It’s been almost four years since starting this journey and like most undertakings of such length, a lot is learned and acquired along the way. What started as a tribute to the men and women in uniform during WW II expanded way beyond that when, in talking to many visitors in many states, it began including as many aspects of the war as possible. And this meant people of color and non-white races.
As many of you know, this project started, as most things do, by one seemingly small thing. In my case a black and white photo of a pilot standing atop the wheel of his fighter. And it grew. The subject of that photograph and now painting, was not kind in his thinking of the Japanese. But the simple and unsolicited outpouring of gratitude by a Japanese American woman wiped, as he said “decades” of resentment toward the Japanese people.
Today at the Palm Springs Air Museum where I’ve now been working for over a year, a white male docent -the title given to the volunteers who interact with the public, stopped by my easel and calmly said:”This (referring to my portraits) doesn’t make me happy.” Pressed to explain himself, his issue was the lack of white men in combat, like his father. Though pointing out several of such images to him, what came to light was his resentment of both non-white races and women. After talking to him for five minutes, probing his point further, he simply said: “We’re free to disagree.” The fact is no we’re not. There is no room for disagreement about this. What I heard was racism at it’s “white”-washed ugliest. Somehow it was okay to not accept that all of these portraits represent real people who contributed something to the war and that includes the Japanese Americans on the west coast who contributed by, for the most part, willingly going off to one of ten internment camps, scattering close to 120,000 of them far and wide.
Two weeks ago, two caucasian women stopped by to talk to me about the internment camps and mentioned that an older docent made the off-the-cuff remark alluding to the Ansel Adams’ “Manzanar” internment camp exhibit: “That’s where those monkey’s belonged,” he had told them. Needless to say this man was dealt with immediately by the staff. The credo is to all who work at the museum, there is to be no discussion of religion, race or politics. Sadly that rule is abused daily.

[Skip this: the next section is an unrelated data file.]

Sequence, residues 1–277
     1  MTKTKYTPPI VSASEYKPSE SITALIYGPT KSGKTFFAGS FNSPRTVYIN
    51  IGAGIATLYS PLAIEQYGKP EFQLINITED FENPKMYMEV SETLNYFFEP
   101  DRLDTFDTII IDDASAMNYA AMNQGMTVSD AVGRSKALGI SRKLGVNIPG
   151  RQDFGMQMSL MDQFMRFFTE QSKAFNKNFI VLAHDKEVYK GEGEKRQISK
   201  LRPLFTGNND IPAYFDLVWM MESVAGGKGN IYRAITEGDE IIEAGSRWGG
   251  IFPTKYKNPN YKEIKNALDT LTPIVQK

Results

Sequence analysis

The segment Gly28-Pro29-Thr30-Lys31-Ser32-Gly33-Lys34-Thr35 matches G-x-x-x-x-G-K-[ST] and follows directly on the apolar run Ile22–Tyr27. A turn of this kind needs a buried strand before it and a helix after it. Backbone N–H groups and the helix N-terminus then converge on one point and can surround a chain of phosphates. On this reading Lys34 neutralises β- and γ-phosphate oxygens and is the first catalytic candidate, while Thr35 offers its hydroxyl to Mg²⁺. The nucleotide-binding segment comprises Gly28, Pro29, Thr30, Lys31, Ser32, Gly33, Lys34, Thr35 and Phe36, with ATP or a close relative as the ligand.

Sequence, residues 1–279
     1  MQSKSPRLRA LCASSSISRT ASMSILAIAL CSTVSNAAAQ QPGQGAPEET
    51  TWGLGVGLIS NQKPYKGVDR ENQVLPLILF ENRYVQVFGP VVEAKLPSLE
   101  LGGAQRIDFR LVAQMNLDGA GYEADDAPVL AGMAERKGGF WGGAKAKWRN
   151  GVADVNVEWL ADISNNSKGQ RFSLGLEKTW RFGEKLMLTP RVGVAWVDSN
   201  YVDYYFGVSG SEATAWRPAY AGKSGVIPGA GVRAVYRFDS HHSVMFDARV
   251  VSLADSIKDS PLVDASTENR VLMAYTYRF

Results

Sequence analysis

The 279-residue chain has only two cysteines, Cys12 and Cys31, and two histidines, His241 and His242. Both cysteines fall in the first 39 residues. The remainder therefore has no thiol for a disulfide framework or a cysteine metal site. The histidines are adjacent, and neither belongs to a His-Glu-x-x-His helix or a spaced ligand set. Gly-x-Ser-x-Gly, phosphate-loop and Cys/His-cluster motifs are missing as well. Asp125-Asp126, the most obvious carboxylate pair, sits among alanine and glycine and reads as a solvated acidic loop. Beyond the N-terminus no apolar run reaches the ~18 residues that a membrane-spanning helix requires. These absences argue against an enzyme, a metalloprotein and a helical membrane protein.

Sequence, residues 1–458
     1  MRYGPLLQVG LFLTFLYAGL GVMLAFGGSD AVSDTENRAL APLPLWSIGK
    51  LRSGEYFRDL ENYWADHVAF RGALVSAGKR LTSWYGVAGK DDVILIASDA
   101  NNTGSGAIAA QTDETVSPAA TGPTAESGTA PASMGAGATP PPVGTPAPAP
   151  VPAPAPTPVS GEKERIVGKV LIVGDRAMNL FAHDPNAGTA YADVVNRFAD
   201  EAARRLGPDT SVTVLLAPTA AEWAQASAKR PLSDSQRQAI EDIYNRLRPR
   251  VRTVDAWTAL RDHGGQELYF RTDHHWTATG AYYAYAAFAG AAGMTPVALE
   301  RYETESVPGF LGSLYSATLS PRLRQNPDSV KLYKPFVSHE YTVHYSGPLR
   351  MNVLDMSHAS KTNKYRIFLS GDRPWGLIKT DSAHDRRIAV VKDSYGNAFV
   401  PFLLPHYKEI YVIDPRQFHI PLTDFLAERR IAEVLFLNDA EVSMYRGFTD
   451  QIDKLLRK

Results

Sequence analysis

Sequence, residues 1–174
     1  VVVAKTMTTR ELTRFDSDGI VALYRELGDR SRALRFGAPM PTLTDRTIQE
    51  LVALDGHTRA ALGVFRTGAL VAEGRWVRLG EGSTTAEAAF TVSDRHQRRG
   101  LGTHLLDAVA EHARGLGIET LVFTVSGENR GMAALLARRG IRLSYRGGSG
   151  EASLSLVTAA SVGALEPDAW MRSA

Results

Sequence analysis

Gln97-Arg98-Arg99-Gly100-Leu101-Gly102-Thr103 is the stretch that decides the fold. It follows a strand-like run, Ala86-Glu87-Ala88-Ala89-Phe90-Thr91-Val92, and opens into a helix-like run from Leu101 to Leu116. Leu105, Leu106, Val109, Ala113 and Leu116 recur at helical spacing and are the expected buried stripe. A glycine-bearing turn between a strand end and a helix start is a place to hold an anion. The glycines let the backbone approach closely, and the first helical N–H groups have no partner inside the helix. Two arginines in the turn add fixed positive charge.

One of the most commented on paintings I have is of six black WACs, the 6888th Battalion (Postal unit) happily posing for the camera. People love it. I’m not going to count the number of paintings I’ve done of ethnic minorities. My mission is not about reflecting the head count of the time period between 1940 and 1945. It’s always been about the stories. But bigotry, racism and sexism looms large among many of the docents. I will add, the majority of voluneeters are absolutely wonderful human beings, many from that era who know that they were far from being the “greatest generation”. It was if you were white.
One docent told me that when he was nine years old, he and a friend stood leaning on the wire mess fence and taunted the Japanese Americans staged at the Santa Anita horse racing track. “I’m not proud of myself,” Paul said. Like so many white people along the coast in particular, he was caught up in the mass hysteria and influence of his parents and elders. What’s particularly troubling as a thirty year old friend said to me, “We never learned any of this in school.” American textbooks reflect the war’s history as the United States winning the war and rescuing the survivors of concentration camps in Europe. Occasional sidebars might mention what happened to the Japanese Americans.
Those Japanese American men who sought to prove their loyalty to the United States were put in (like the black troops) segregated units. The all Japanese 442nd Regimental Combat Unit (where the late Hawaiian Senator Daniel Inouye served and lost his arm) was the highest decorated combat unit in US military history.
When the Tuskegee Airmen returned from their tours in Europe guiding American bombers safely into Germany and back to England, the “Red Tails” as they became famously known for, after sailing home on troop ships, the ugliness of white America greeted them at the bottom of each ship’s gangway. Two signs each with an arrow pointing in opposite direction stared up at them. Whites. Coloreds.
Daily, people are surprised (and mostly delighted) to read the truth behind Iva Toguri aka Tokyo Rose whose injustice was served by a Japanese hating journalist Walter Winchell (who later backed the anti-Communist Senator Joseph McCarthy’s witch hunt).
It is now over seventy years since D-Day and resentment toward Americans of non-white races is far from buried. Today this white bigoted racist opened wide my eyes. Hatred lurks in the shallows. I have more reason than ever to fill the walls with more stories and images of people of all races who have valued stories to be told and remembered. It is ironic, yet apt to quote the famous Japanese Admiral Isoroku Yamamoto who solemnly mused after the Japanese Imperial forces attacked Pearl Harbor: “I fear all we have done is to awaken a sleeping giant and fill him with a terrible resolve.” Today I became that sleeping giant against intolerance and ignorance.